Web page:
Language identification examines the extracted text of each document to determine the primary language and up to two secondary languages present. This allows you to see how many languages are present in your collection, and the percentages of each language by document. You can then easily separate documents by language and batch out files to native speakers for review.
For multi-language documents, it returns the top three languages found and their approximate percentages of the total text bytes (e.g. 80% English and 20% French out of 1000 bytes of text means about 800 bytes of English and 200 bytes of French). Language identification does not use a conceptual index for this operation; a Structured Analytics set is used. The Analytics engine is trained on the prose of each supported language. The operation analyzes each document for the following qualities to determine whether it contains a known language:
- Character set (e.g., Thai and Greek are particularly distinctive)
- Letters and the presence or absence of accent marks
- Spelling of words (e.g., words that end in “-ing” are likely English)
Language identification is a Naïve Bayesian classifier, using one of three different token algorithms:
- For Unicode scripts such as Greek and Thai that map one-to-one to detected languages, the script defines the result.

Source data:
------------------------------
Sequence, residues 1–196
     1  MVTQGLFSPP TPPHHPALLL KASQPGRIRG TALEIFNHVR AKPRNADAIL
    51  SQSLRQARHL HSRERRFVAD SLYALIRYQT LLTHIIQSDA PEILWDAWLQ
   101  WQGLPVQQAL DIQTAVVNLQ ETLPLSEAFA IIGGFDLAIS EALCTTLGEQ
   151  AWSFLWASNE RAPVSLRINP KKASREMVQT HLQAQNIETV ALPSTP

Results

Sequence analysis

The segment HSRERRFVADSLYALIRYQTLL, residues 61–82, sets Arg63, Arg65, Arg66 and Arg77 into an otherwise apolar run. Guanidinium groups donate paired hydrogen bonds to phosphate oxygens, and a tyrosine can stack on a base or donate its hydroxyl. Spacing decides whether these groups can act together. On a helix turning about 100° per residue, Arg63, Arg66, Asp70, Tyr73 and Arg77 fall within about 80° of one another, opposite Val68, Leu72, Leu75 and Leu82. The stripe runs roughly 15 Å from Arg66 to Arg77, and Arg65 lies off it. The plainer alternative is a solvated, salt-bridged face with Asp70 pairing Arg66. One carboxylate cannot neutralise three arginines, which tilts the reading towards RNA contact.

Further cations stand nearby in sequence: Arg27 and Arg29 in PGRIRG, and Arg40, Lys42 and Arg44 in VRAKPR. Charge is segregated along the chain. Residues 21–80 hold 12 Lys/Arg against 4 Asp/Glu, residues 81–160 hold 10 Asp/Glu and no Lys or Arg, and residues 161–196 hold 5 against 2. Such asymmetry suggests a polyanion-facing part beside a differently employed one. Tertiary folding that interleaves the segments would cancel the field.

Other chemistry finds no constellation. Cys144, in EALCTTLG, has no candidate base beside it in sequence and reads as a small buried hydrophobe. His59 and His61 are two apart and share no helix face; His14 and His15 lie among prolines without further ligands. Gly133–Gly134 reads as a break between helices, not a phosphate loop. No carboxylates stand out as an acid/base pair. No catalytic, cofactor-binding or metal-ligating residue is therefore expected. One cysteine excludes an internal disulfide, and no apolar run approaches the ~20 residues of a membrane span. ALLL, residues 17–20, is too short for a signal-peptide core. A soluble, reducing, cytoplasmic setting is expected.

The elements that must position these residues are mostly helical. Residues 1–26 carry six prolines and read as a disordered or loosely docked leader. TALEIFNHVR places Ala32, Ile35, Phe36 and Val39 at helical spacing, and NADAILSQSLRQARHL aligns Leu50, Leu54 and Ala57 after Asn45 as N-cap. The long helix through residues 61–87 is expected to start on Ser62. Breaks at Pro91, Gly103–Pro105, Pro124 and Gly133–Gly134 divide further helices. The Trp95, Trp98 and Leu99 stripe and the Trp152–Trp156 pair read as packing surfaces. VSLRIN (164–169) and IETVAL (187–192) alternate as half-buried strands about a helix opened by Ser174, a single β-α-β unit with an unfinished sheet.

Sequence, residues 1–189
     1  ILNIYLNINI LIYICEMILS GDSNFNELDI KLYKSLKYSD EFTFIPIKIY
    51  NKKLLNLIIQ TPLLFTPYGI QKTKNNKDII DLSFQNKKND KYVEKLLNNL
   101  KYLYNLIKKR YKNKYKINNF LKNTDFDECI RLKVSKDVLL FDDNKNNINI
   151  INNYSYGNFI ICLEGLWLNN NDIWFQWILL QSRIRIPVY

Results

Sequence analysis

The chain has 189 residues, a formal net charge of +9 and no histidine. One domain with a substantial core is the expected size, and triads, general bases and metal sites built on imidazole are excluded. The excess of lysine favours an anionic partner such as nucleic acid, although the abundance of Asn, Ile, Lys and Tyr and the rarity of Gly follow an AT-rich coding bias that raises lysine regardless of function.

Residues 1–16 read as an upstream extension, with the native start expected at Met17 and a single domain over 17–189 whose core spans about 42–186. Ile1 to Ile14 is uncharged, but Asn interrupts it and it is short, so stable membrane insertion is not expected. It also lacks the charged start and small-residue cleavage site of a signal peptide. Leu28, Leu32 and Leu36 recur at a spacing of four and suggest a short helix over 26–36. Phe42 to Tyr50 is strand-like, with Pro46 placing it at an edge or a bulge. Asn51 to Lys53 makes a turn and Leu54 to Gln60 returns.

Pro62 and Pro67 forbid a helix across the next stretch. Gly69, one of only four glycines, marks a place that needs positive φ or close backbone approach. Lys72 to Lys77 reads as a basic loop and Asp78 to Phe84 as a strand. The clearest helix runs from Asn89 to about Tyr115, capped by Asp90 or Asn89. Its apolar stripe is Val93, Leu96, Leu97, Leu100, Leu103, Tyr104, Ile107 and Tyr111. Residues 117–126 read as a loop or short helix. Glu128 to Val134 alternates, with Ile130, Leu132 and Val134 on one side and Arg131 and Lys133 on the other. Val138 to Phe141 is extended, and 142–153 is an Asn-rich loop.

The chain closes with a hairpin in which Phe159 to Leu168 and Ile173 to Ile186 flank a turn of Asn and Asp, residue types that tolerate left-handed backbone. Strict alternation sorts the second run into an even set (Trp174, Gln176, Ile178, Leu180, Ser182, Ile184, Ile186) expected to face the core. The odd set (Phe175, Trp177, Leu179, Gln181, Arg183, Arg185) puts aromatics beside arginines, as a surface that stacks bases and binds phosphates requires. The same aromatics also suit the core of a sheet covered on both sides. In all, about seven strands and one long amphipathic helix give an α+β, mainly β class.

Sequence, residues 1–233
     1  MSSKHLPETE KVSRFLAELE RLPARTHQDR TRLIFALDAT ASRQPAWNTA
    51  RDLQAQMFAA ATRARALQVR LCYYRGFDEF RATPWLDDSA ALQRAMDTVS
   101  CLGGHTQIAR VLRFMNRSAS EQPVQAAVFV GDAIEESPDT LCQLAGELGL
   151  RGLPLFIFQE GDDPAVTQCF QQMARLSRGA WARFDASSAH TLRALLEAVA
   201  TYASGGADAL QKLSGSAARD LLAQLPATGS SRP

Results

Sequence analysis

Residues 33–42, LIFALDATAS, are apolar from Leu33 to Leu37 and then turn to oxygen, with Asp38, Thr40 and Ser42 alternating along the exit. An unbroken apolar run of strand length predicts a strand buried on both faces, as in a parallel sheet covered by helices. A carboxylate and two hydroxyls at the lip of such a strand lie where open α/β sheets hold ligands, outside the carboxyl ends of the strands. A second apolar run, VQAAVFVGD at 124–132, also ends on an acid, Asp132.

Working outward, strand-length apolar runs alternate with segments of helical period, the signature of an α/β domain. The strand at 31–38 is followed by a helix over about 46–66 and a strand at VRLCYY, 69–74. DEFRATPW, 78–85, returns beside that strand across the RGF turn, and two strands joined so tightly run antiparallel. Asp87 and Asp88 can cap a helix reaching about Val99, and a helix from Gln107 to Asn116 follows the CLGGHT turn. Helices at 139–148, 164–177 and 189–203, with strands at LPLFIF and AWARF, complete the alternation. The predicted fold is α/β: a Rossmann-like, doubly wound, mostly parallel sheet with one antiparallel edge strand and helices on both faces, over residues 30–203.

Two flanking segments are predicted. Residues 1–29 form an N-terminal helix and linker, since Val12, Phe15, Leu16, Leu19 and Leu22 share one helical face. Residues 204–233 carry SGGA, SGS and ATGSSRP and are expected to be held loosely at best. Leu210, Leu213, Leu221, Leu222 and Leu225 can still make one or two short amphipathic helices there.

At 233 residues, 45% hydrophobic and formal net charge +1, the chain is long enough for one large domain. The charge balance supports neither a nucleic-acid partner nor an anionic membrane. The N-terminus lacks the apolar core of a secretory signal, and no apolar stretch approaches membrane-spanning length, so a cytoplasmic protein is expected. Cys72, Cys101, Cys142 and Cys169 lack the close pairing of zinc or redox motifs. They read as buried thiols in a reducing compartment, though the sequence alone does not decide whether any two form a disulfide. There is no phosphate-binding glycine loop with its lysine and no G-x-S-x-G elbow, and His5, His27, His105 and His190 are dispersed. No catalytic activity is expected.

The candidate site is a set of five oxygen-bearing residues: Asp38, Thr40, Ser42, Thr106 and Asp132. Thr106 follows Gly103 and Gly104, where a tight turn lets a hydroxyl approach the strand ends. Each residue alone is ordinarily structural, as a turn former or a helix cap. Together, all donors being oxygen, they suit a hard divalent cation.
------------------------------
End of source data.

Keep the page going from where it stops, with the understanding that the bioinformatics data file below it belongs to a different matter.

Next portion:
- For CJK languages, single letters (rather than multi-letter combinations) are scored.
- For all other languages, language Identification ignores single letters and instead uses sequences of four letters (quadgrams).
It also ignores punctuation and HTML tags. Language identification is done exclusively on lowercase Unicode letters and marks, after expanding HTML entities &xyz; and after deleting digits, punctuation, and <tags>. For each letter sequence, the scoring uses the 3-6 most likely languages and their quantized log probabilities.
The analysis does not use a word list or dictionary. Instead, the engine examines the writing to determine the language. The training corpus is manually constructed from chosen web pages for each language, then augmented by careful automated scraping of over 100M additional web pages. Though the algorithm is designed to work best on sets of at least 200 characters (about two sentences), testing has shown that it does perform well with small fragments, such as Tweets.
Note: Language identification in Relativity 9+ supports 173 languages. Language ID considers all Unicode characters and understands which characters are associated with each of the supported languages. For example, Japanese has many different character sets—Kanji, Katagana, Hirigana—all of which are supported. See the Supported languages matrixfor a complete list of languages that the language identification operation can detect.
See the following related pages: